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Abstract Detail


Contreras, Dori [1], Upchurch, Garland [2], Looy, Cindy [3].

Diversity and distribution of Monocots from a single tuff layer in the upper Campanian Jose Creek Member, McRae Formation of New Mexico.

Monocotyledons are well represented in Late Cretaceous floras and form a prominent part of the vegetation from the upper Campanian Jose Creek Member, McRae Formation, south-central New Mexico. Here we describe monocots preserved in an extensive horizon of recrystallized volcanic ash and reconstruct their presence across the landscape. The fine-grained ash layer, dated to 74.7 Ma, was deposited on an alluvial plain located over 200 km inland of the Western Interior Seaway. It preserves a diverse flora in relative growth position, including leaves, stems, reproductive material, and in-situ stumps. Quantitative sampling of leaf macrofossils from over 20 quarries spanning the ~1.2 km exposure demonstrates an angiosperm-dominated flora (95%of species; 74% of specimens; 84% of total leaf cover). Monocots represent 26% of the total specimens but only eight species (6% of total diversity). The most common monocot is the ground cover rosette plant Zingiberopsis, an early representative of Zingiberales, which occurs across the deposit and represents over 16% of the specimens in the flora and 32.5% of leaf cover. The costapalmate palm leaf Sabalites occurs in several quarries across the deposit, accounting for 6% of specimens and 8% cover. Also present are probable palm petioles with thick spines assignable to Bactricites. Three taxa with strap-shaped leaves are also present but not widely distributed and only locally abundant. These include Pandanites, which has leaves that are M-shaped in transverse section, one order of parallel veins, irregularly spaced and oriented transverse veins, and marginal and midrib spines. Pandanites probably represents a rosette shrub or rosette tree, based on similarities in leaf architecture with members of Pandanales (Pandanaceae and Velloziaceae). A second taxon is also M-shaped in transverse section but has entire margins with four orders of parallel veins and short perpendicular cross veins. Uncommon elements include Araceae and/or possible stem relatives, including leaves of Orontiophyllum mackii and a second taxon, and sporadic permineralized monocot stems. The JCM monocots lived alongside diverse non-monocot angiosperms, four species of conifers, a cycad, and low-abundance ferns. There was a strong dominance structure in which only a few species are common across the landscape, the most common being Zingiberopsis, Sabalites, a sequoid conifer, a Brachyphyllum conifer, and the eudicot Dryophyllum (Fagales). The JCM flora demonstrates that monocots were important elements of a stable floodplain of the southern Western Interior and that they formed a major component of ground cover relative to ferns and other free-sporing plants.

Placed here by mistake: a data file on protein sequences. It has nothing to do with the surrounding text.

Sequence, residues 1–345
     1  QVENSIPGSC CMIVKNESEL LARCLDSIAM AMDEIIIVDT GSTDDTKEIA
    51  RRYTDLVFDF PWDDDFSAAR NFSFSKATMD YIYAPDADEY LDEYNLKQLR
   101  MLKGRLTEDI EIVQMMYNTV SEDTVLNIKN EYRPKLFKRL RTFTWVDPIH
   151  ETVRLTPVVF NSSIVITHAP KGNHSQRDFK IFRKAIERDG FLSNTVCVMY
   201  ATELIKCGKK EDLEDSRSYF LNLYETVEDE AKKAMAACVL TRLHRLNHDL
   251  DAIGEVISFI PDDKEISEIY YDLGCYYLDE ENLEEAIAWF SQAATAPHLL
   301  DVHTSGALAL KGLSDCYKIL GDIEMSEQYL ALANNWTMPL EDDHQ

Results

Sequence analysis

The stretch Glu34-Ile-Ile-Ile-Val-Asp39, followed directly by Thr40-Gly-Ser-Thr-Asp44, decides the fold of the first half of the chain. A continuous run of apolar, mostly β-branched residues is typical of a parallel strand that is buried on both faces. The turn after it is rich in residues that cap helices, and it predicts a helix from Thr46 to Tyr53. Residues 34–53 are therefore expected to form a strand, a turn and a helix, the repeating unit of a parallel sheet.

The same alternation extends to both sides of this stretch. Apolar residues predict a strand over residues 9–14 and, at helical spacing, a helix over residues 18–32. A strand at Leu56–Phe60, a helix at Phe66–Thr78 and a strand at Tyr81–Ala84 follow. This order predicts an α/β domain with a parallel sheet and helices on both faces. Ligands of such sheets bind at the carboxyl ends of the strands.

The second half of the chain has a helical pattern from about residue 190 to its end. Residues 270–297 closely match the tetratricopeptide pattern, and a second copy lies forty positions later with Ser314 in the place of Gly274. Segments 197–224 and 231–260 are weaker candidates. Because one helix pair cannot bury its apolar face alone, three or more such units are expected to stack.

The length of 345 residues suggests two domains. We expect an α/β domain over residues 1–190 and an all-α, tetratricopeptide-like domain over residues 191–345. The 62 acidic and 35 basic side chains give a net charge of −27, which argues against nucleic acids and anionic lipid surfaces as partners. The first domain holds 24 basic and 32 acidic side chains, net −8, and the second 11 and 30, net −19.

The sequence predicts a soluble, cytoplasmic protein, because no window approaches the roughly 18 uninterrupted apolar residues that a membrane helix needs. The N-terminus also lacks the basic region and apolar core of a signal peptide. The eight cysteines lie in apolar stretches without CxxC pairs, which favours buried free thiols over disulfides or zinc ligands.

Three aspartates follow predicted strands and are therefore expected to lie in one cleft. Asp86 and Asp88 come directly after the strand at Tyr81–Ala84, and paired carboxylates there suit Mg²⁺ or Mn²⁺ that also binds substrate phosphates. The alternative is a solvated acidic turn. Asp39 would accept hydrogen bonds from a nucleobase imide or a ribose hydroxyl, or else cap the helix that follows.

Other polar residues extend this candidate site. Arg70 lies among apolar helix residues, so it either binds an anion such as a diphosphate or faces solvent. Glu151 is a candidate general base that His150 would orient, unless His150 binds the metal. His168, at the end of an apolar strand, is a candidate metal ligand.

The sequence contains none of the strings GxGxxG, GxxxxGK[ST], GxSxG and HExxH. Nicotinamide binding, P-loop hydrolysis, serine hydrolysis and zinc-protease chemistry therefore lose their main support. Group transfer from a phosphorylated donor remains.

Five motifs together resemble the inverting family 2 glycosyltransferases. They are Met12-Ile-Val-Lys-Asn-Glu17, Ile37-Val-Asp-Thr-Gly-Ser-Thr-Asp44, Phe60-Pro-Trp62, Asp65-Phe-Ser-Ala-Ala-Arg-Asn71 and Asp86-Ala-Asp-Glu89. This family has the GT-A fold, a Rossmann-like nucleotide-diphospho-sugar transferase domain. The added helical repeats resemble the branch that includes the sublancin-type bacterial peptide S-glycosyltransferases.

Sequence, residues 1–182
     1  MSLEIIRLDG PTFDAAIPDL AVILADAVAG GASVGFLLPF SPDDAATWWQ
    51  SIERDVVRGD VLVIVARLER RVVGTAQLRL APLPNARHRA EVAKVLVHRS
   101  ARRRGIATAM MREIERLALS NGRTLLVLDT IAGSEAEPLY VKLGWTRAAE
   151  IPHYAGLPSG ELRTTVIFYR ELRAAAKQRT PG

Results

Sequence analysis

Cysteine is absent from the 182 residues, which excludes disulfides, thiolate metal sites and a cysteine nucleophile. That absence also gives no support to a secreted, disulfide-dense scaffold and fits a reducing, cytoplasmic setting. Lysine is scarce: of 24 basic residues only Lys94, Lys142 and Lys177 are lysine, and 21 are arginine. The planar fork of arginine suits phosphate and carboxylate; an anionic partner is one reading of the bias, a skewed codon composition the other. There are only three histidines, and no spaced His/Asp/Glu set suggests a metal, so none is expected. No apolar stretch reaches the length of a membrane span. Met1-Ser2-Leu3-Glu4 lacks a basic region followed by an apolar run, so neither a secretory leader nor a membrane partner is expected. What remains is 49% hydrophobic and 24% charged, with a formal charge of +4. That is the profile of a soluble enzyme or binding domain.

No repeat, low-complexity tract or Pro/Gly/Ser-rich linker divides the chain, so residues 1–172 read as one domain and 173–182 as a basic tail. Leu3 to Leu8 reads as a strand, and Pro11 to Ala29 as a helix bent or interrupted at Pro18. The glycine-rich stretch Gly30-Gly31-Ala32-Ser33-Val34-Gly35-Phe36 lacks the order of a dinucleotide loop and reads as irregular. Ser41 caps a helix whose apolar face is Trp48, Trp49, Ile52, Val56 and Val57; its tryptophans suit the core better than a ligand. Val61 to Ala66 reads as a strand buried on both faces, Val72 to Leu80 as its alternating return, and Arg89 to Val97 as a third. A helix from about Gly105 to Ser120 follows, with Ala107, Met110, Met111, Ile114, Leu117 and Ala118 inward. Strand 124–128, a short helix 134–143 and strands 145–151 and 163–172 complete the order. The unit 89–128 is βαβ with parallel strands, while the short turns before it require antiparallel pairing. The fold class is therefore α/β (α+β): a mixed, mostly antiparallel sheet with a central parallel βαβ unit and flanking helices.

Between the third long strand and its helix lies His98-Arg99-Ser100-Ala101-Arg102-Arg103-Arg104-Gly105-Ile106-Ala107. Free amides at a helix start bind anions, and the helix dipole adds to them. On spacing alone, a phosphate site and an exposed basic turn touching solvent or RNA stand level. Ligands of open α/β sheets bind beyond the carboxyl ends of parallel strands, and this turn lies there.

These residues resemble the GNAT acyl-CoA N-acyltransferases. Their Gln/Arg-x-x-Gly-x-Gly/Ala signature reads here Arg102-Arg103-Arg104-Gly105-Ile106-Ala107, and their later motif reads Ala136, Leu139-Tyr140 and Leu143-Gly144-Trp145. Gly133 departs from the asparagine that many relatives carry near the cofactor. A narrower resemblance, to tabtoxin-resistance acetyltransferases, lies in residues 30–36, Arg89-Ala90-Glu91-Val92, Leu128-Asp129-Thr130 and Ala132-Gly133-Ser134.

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1 - University Of California Berkeley, UC Museum Of Paleontology, 1101 Valley Life Sciences, Berkeley, CA, 94720, United States
2 - Texas State University, Department Of Biology, 601 University Drive, San Marcos, TX, 78666, United States
3 - Integrative Biology, 3060 Valley Life Sciences Bldg #3140, Berkeley, CA, 94720, United States

fossil leaves

Presentation Type: Oral Paper
Session: 28, Cookson Award Session I
Location: 109/Mayo Civic Center
Date: Tuesday, July 24th, 2018
Time: 2:15 PM
Number: 28004
Abstract ID:953
Candidate for Awards:Maynard F. Moseley Award

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